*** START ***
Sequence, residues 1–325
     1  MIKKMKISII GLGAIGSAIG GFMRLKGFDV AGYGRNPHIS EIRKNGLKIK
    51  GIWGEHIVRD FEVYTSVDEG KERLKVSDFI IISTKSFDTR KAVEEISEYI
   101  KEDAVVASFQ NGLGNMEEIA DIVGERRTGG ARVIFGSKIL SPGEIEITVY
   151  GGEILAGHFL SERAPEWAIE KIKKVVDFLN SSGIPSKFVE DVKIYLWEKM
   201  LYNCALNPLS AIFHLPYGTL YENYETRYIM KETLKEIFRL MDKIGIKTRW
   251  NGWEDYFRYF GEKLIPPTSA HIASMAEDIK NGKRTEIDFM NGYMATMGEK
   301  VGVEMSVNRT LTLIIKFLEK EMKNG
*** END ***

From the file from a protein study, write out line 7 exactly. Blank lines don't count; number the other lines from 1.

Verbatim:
   251  NGWEDYFRYF GEKLIPPTSA HIASMAEDIK NGKRTEIDFM NGYMATMGEK